It turns out that Venezuelan dictator Hugo Chavez could have had a much closer relationship with the American Association of University Professors (AAUP ) if the former head of the AAUP had his druthers. “While admittedly bizarre, Roger Bowen, former general secretary who joined the anti-academic freedom mob in a Wall Street Journal piece seeking the dismissal of University of Colorado Professor Churchill, pursued the purchase of additional office space and suggested seeking external funding from Venezuelan President Hugo Chávez,” Peter Kirstein writes  in Illinois Academe.
Kirstein is currently the vice-president of the AAUP. When I asked the St. Xavier University historian for clarification, he wrote, “On p. 213 of Cary Nelson, No University is an Island, he states that Roger Bowen (then General Secretary of A.A.U.P.) suggested buying a couple of buildings with Hugo Chávez’s support.”
“President Nelson states ‘the proposal never left the office.’ There is no reference to when the idea was bruited about.” Bowen was general secretary of the AAUP in 2005. (I should note, and did in my query to Dr. Kirstein, “Full disclosure, my own relations with him have been less than amicable—Bowen that is. I never met the other chap.”)
Nelson, currently the president of the AAUP, is an English professor at the University of Illinois in Urbana. That would put Bowen, the former president of the State University of New York at New Paltz, to the left of Nelson, who characterized Bowen’s proposal as mad. Nelson himself is hardly a right-winger, to put it mildly.
“In the months leading up to the summer of 1967 I was completing my undergraduate degree at Antioch College in Yellow Springs, Ohio,” Nelson wrote  in 2007 of his undergraduate years. “Antioch had hired me part-time as a draft counselor and that job continued into June.”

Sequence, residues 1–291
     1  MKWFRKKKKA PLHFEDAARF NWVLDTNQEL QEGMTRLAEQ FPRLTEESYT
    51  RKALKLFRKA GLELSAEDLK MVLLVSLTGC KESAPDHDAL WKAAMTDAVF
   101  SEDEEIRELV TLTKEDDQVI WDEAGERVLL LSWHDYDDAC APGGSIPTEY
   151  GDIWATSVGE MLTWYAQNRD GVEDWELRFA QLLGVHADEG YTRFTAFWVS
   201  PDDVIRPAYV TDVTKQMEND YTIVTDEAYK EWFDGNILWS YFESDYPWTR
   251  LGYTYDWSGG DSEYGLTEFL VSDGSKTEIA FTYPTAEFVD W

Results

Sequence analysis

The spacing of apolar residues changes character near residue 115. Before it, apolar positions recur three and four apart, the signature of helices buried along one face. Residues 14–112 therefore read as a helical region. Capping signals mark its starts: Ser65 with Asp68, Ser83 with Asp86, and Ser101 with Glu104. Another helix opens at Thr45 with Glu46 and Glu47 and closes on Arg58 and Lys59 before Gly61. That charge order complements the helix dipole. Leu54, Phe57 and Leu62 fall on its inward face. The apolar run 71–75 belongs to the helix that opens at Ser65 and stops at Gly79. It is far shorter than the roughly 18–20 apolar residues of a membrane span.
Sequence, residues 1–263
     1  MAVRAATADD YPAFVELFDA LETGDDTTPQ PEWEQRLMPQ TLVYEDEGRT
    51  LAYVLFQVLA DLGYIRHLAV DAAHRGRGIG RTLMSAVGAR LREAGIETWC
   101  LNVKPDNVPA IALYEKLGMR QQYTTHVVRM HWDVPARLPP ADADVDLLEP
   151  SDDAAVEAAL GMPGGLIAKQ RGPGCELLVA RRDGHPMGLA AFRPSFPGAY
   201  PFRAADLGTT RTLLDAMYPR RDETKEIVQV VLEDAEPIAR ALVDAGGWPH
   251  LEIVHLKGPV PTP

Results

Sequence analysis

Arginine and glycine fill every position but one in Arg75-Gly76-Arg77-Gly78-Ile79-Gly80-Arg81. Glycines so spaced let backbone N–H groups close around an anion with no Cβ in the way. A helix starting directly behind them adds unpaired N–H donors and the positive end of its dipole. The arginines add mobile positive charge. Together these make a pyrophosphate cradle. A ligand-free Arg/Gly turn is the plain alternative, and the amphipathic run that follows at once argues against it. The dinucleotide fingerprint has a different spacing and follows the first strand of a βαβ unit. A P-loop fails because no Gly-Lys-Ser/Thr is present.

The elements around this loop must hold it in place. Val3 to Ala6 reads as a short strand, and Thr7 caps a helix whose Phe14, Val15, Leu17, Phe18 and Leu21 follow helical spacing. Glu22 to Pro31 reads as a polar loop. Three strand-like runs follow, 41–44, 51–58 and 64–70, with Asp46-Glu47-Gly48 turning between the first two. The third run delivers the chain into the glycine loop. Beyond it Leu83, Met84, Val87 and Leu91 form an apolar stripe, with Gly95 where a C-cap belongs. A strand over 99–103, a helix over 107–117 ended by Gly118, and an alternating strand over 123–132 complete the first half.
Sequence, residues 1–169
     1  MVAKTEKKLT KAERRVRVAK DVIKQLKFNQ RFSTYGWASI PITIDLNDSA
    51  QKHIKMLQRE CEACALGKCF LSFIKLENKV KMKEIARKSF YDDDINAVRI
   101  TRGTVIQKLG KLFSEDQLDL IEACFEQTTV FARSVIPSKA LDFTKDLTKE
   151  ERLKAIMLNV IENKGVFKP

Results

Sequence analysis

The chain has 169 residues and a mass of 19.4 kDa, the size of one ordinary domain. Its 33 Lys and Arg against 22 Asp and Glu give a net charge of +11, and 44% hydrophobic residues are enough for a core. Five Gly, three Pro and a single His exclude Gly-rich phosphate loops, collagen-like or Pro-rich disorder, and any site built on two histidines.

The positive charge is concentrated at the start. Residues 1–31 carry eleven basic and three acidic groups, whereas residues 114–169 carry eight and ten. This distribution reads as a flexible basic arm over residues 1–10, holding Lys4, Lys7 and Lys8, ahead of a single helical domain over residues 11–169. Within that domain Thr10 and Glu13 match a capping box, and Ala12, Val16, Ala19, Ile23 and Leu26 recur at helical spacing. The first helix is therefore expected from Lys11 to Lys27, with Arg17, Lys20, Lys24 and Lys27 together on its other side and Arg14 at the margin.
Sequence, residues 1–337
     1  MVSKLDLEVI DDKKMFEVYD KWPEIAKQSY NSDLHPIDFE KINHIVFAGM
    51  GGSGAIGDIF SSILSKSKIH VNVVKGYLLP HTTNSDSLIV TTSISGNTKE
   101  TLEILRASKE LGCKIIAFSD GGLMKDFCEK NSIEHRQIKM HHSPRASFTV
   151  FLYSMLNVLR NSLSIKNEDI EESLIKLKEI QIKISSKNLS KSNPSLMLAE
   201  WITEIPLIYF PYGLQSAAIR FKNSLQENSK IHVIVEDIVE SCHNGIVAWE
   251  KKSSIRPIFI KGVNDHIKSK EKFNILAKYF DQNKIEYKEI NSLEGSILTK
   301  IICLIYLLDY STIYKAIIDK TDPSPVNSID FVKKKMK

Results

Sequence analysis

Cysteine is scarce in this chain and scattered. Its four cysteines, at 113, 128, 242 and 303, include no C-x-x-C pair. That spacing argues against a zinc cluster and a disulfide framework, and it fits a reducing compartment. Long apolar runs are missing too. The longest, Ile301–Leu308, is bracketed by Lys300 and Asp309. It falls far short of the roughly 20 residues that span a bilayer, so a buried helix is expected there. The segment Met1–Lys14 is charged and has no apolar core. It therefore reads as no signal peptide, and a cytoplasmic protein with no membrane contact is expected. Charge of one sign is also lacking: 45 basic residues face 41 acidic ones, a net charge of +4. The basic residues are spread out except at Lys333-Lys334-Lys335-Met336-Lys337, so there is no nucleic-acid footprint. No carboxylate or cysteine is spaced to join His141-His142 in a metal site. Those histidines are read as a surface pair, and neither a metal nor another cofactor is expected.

“In the midst of the Vietnam War and at America’s most progressive college, draft counseling really meant draft avoidance counseling.”
As for Venezuela in the Chavez years, the Obama Administration’s latest human rights report notes  that “The following human rights problems were reported by the nongovernmental organization (NGO) community, the media, and in some cases the government itself:
- “Unlawful killings, including summary executions of criminal suspects;
- “Widespread criminal kidnappings for ransom;
- “Prison uprisings resulting from harsh prison conditions;
- “Arbitrary arrests and detentions;
- “Corruption and impunity in police forces;
- “A corrupt, inefficient, and politicized judicial system characterized by trial delays and violations of due process;
- “Political prisoners and selective prosecution for political purposes;
- “Infringement of citizens’ privacy rights by security forces; government closure of radio and television stations and threats to close others; government attacks on public demonstrators;
- “Systematic discrimination based on political grounds;
- “Considerable corruption at all levels of government; threats and attacks against domestic NGOs;
- “Violence against women;
- “Inadequate juvenile detention centers; trafficking in persons; and
- “Restrictions on workers’ right of association.”
Malcolm A. Kline is the Executive Director of Accuracy in Academia .
If you would like to comment on this article, e-mail firstname.lastname@example.org